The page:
In his conclusion he states: “In view of scientific consensus that the evidence for wind turbine noise and infrasound causing health problems is poor…”. And how does he know this? “18 reviews of the research literature on wind turbines and health published since 2003 ([references] 3-20) have all reached the broad conclusion that the evidence for wind turbines being directly harmful to health is very poor.” This is simply a rehash of his 17 reviews (plus one from Massachusetts), about which I posted previously. To sum that posting up, Chapman has misused the conclusions of many of these reviews, some of which misused the results of the actual studies they were reviewing. Ontario’s Hazel Lynn, a pesky real doctor with actual experience with victims, in association with a real epidemiologist, did her own review and concluded that her 18 studies (many were the same ones scooped up by Chapman and his reviews) indicated wind turbines had a “noise-induced” effect on the neighbors. As an aside, none of these reviews, nor any of the studies underlying the reviews, even mentions nocebo.
As an example of how Chapman misuses both the reviews and the studies, let’s look at his first assertion on page 3: “Small minorities of exposed people – typically less than 10% – claim to be annoyed by wind turbines (15).” Reference 15 happens to be Knopper 2011, which in itself is a review, and about which I have serious problems. Regardless of my issues, nowhere in Knopper is 10% mentioned in any form. As close as Knopper comes is: “Results of the Pedersen and Persson Waye studies [13-15] also suggested that the proportion of participants who were fairly annoyed or very annoyed remained quite level through the 29-37 dB(A) range (no more than roughly 5%) but increased at noise levels above 37 dB(A), with peaks at 38 db(A) and 41 dB(A), where up to 30% of people were very annoyed.” I guess if you define “exposed people” carefully enough, his assertion could be correct. But that is by any standard I’m aware of terribly dishonest, and this type of dishonestly permeates Chapman’s writings.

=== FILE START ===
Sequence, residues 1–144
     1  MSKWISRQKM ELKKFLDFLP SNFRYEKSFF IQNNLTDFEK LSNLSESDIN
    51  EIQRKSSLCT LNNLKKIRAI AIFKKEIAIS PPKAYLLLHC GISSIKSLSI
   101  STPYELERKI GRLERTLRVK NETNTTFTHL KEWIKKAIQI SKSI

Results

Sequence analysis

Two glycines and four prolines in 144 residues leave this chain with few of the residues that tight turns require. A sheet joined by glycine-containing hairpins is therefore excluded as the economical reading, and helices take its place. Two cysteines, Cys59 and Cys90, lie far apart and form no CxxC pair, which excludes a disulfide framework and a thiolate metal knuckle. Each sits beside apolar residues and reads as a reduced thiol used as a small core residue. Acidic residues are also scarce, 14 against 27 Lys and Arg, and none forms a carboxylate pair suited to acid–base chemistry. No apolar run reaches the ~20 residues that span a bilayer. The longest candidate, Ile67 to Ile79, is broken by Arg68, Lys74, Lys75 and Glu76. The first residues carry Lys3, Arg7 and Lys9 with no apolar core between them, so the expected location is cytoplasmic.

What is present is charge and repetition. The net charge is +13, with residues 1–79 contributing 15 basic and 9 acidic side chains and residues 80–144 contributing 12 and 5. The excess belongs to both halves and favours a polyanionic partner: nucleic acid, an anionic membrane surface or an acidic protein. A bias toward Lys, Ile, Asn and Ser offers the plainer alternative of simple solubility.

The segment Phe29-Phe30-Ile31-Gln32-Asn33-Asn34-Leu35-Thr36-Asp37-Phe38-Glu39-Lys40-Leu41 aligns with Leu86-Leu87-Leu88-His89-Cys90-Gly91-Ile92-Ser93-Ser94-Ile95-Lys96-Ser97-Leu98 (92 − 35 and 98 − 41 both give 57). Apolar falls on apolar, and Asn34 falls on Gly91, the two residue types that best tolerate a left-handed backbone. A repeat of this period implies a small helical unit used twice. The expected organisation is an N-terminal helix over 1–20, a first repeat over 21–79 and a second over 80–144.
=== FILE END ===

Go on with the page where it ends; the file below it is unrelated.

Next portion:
On to the Innuendos
If Chapman stuck to exploring the evidence regarding noise, health, nocebo and so on we’d simply be having a disagreement. Unfortunately he goes way beyond that. It is though he takes the wind turbine issues viscerally, attacking anyone or anything that is inconvenient. Take the very first sentence in this study: “With often florid allegations about health problems arising from wind turbine exposure now widespread in parts of rural Australia and on the internet, nocebo effects potentially confound any future investigation of turbine health impact.” Florid? My my. Scientific terminology at its finest.
He also has a great deal to say about the Landscape Guardians, implying they are merely fronts for fossil fuel interests. Now I don’t know what they might be fronts for, if anything. I’ve been associated with anti-wind activists for going on 6 years now, and I’m not aware of any significant fossil-fuel money. Actually, I’m not aware of any significant money at all, darn it. An inconvenient fact for Chapman is that oil and gas interests are major wind-energy players, the linkages (i.e. Mitchell) all involve oil and gas – not coal. Does Chapman bother to level similar charges against the wind energy industry? Scientific disinterest at its finest.
Finally, Chapman seems to have a special place in his heart for Sarah Laurie. He mentions her 3 times in this study, and I don’t recall anything he’s written about wind turbines where he hasn’t mentioned her. In his “17 reviews” paper she got over a page’s worth. Here his attack was more subtle, linking her to fossil fuel interests via Waubra and the Landscape Guardians. Could this be unrequited love? There’s as much evidence for that as there is for nocebo. Scientific hypothesizing at its finest.
Chapman may still consider himself a scientist, but he certainly looks like an advocate to me.
Wayne has done a remarkable job of wading through the Chapman’s junk science sewer system and specifically on his failures regarding falsifiability. I would like to add just a note about explanatory power (or the lack thereof).
In science, if you have two competing explanations, the one that explains the most facts wins. If you are willing to elevate Chapman’s nocebo drivel to the status of “competing theory”, it is worth asking a few questions about its explanatory power.
For example, can the nocebo effect explain why someone would be awakened from a sound sleep by turbines they cannot hear?
Presumably, someone who is unconscious would not be affected by a conscious frame of mind, such as the belief that turbines are harmful. Is Chapman advancing a Freudian theory?